|Publication number||US7999928 B2|
|Application number||US 11/656,393|
|Publication date||Aug 16, 2011|
|Priority date||Jan 23, 2006|
|Also published as||EP1977205A2, EP1977205A4, US20100271629, WO2007087315A2, WO2007087315A3|
|Publication number||11656393, 656393, US 7999928 B2, US 7999928B2, US-B2-7999928, US7999928 B2, US7999928B2|
|Inventors||Jeffrey Beckstead, Patrick J. Treado, Matthew Nelson|
|Original Assignee||Chemimage Corporation|
|Export Citation||BiBTeX, EndNote, RefMan|
|Patent Citations (24), Non-Patent Citations (9), Referenced by (6), Classifications (21), Legal Events (2)|
|External Links: USPTO, USPTO Assignment, Espacenet|
The application claims priority to the filing-date of the Provisional Application No. 60/761,235, filed Jan. 23, 2006 (entitled: “Combined Raman and LIBS BioChem Detection System); Provisional Application No. 60/761,255, filed Jan. 23, 2006 (entitled: “End-to-End Performance Modeling of a ChemBio Raman Electrostatic Detector Identifier (CB-REDI) Reagentless Sensor System”); and Provisional Application No. 60/761,256, filed Jan. 23, 2006 (entitled: “Raman Detection of Waterborne Threats”), the disclosure of each provisional application is incorporated herein by reference in its entirety.
The instant application also references earlier filed patent application Ser. No. 11/351,333, filed Feb. 9, 2006 (entitled: “System and Method for the Deposition, Detection and Identification of threat Agents using a Phase Mask”), and assigned to the assignee of the instant application, the specification of which is incorporated herein in its entirety.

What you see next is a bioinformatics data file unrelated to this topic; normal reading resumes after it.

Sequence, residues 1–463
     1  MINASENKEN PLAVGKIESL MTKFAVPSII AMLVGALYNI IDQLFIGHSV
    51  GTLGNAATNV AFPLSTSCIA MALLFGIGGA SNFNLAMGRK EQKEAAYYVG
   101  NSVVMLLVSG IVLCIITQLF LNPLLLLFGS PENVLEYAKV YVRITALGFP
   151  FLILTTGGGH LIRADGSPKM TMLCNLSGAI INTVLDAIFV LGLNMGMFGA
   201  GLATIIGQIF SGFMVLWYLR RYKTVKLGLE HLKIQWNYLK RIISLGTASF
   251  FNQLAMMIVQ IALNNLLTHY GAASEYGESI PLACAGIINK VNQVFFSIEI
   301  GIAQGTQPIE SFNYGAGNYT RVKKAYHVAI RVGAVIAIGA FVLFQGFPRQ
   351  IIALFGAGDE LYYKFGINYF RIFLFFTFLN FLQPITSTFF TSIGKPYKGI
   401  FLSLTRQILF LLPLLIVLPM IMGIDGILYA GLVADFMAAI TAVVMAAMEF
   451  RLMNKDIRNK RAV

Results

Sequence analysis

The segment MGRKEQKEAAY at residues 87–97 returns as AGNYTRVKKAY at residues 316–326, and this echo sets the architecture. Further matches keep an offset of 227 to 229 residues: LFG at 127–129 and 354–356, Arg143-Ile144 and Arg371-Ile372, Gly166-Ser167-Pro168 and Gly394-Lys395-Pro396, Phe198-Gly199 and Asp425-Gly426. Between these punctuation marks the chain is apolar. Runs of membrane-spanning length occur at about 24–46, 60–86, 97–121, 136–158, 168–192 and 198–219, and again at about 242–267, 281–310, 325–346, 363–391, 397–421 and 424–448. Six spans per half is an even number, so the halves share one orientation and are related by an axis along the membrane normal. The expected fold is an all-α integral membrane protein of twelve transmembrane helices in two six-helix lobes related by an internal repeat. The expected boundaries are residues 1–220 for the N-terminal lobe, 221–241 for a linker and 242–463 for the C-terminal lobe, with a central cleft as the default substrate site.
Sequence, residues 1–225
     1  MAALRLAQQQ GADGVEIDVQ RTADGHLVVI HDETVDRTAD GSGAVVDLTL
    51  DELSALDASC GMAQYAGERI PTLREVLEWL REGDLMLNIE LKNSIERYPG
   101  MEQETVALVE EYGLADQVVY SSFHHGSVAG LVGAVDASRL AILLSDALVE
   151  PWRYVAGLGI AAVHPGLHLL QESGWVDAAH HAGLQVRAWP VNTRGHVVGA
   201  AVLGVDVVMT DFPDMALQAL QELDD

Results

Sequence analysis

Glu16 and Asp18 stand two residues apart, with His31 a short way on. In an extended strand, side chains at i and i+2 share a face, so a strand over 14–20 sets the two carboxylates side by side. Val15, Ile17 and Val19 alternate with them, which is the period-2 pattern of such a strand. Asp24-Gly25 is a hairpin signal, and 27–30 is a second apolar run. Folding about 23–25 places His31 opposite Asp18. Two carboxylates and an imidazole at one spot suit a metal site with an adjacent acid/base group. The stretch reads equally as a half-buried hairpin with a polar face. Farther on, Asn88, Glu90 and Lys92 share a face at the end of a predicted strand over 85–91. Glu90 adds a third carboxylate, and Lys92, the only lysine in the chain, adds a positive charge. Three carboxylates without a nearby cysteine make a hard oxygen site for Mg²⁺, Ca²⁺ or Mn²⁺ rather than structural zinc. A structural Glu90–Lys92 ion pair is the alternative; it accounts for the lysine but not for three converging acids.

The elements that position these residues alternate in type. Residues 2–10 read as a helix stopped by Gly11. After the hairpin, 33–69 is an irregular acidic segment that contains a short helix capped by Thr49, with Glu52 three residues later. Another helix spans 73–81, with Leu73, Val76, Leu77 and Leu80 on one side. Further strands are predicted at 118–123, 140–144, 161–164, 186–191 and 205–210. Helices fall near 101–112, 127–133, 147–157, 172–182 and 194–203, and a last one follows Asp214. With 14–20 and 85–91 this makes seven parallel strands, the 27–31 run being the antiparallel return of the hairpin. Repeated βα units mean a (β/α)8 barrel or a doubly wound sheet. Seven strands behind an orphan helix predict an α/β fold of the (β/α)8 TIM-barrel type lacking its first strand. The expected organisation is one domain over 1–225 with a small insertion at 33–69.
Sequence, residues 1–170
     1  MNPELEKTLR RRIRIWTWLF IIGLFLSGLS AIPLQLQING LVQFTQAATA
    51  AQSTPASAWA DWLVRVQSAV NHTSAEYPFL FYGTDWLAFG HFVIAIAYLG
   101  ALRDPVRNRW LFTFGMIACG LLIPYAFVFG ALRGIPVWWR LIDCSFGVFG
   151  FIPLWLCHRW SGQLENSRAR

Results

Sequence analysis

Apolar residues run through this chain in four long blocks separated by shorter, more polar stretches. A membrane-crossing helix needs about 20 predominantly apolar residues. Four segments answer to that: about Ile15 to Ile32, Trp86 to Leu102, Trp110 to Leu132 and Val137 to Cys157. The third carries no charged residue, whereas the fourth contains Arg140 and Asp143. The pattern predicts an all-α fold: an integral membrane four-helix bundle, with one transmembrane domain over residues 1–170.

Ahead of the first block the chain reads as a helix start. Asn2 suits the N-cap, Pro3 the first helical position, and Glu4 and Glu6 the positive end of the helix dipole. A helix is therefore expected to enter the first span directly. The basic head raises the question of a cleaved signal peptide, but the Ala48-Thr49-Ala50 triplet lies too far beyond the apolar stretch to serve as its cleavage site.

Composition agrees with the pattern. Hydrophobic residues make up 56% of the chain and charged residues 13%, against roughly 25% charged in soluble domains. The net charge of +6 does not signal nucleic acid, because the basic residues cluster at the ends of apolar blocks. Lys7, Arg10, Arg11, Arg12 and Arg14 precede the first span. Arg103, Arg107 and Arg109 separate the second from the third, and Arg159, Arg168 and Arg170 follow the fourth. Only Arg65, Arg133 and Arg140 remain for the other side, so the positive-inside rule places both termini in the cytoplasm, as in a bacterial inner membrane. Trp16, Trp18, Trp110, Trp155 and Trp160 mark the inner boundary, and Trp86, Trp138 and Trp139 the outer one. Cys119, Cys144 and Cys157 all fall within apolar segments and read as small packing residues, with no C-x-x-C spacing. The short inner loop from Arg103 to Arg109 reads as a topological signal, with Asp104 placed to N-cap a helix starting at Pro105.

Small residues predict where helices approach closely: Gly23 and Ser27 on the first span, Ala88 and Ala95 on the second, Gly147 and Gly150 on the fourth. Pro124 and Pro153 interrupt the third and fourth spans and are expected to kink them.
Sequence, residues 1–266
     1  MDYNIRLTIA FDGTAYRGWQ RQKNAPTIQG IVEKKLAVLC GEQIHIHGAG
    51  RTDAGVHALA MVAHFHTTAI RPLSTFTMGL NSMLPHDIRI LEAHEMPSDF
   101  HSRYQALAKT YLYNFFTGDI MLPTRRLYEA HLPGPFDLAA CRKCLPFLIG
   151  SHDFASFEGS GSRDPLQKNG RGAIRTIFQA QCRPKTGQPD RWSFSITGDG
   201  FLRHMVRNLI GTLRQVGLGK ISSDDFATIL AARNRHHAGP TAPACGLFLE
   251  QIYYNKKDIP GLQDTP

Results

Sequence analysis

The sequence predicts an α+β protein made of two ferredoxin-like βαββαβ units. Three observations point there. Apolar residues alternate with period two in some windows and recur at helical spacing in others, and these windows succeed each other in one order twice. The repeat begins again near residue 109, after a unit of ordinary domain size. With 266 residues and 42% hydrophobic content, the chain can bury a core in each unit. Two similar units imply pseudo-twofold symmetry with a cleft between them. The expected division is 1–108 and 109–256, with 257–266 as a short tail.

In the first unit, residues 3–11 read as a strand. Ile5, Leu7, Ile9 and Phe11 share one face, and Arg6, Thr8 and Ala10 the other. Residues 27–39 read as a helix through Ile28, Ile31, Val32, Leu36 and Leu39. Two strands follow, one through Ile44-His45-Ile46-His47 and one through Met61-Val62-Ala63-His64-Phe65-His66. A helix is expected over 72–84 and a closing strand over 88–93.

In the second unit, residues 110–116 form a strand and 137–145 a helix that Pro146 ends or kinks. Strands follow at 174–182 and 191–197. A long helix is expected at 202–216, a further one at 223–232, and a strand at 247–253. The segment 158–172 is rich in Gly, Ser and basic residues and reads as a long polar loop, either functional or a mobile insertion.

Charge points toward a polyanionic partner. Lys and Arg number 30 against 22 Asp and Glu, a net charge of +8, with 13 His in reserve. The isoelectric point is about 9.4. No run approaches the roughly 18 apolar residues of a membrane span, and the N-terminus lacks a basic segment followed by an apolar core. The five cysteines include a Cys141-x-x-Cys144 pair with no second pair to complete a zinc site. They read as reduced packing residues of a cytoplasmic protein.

Deployment of threat agents poses significant threats to both human and economic health. The threat is compounded by a limited ability to detect deployment of the agents. Prior art detection strategies rely on separate instrumentation for detection and identification of the threat agent. Conventional means of detecting airborne matter include relatively non-specific optical and spectroscopic methods, including laser scattering and ultraviolet laser induced fluorescence (UV-LIF). Conventional means to identify a threat agent include wet chemical methods or spectroscopic methods. Reagent-based identification of biological threat agents includes methods such as specific antibodies, genetic markers and propagation in culture. While highly specific, these identification methods are time-consuming, labor-intensive and costly.
Spectroscopic means, for identification, provide an alternative to reagent-based identification methods and include mass spectrometry, infrared spectroscopy, Raman spectroscopy, laser induced breakdown spectroscopy (LIBS), and imaging spectrometry. Mass spectrometry is limited by sensitivity to background interference. Infrared spectroscopy exhibits low sensitivity. Raman spectroscopy is a good candidate for detection of threat agents based on its ability to provide a molecular “fingerprint” for materials with high specificity Raman spectroscopy can be implemented in several different configurations, including normal Raman spectroscopy, UV resonance Raman spectroscopy, surface enhanced Raman spectroscopy (SERS) and non-linear Raman spectroscopy.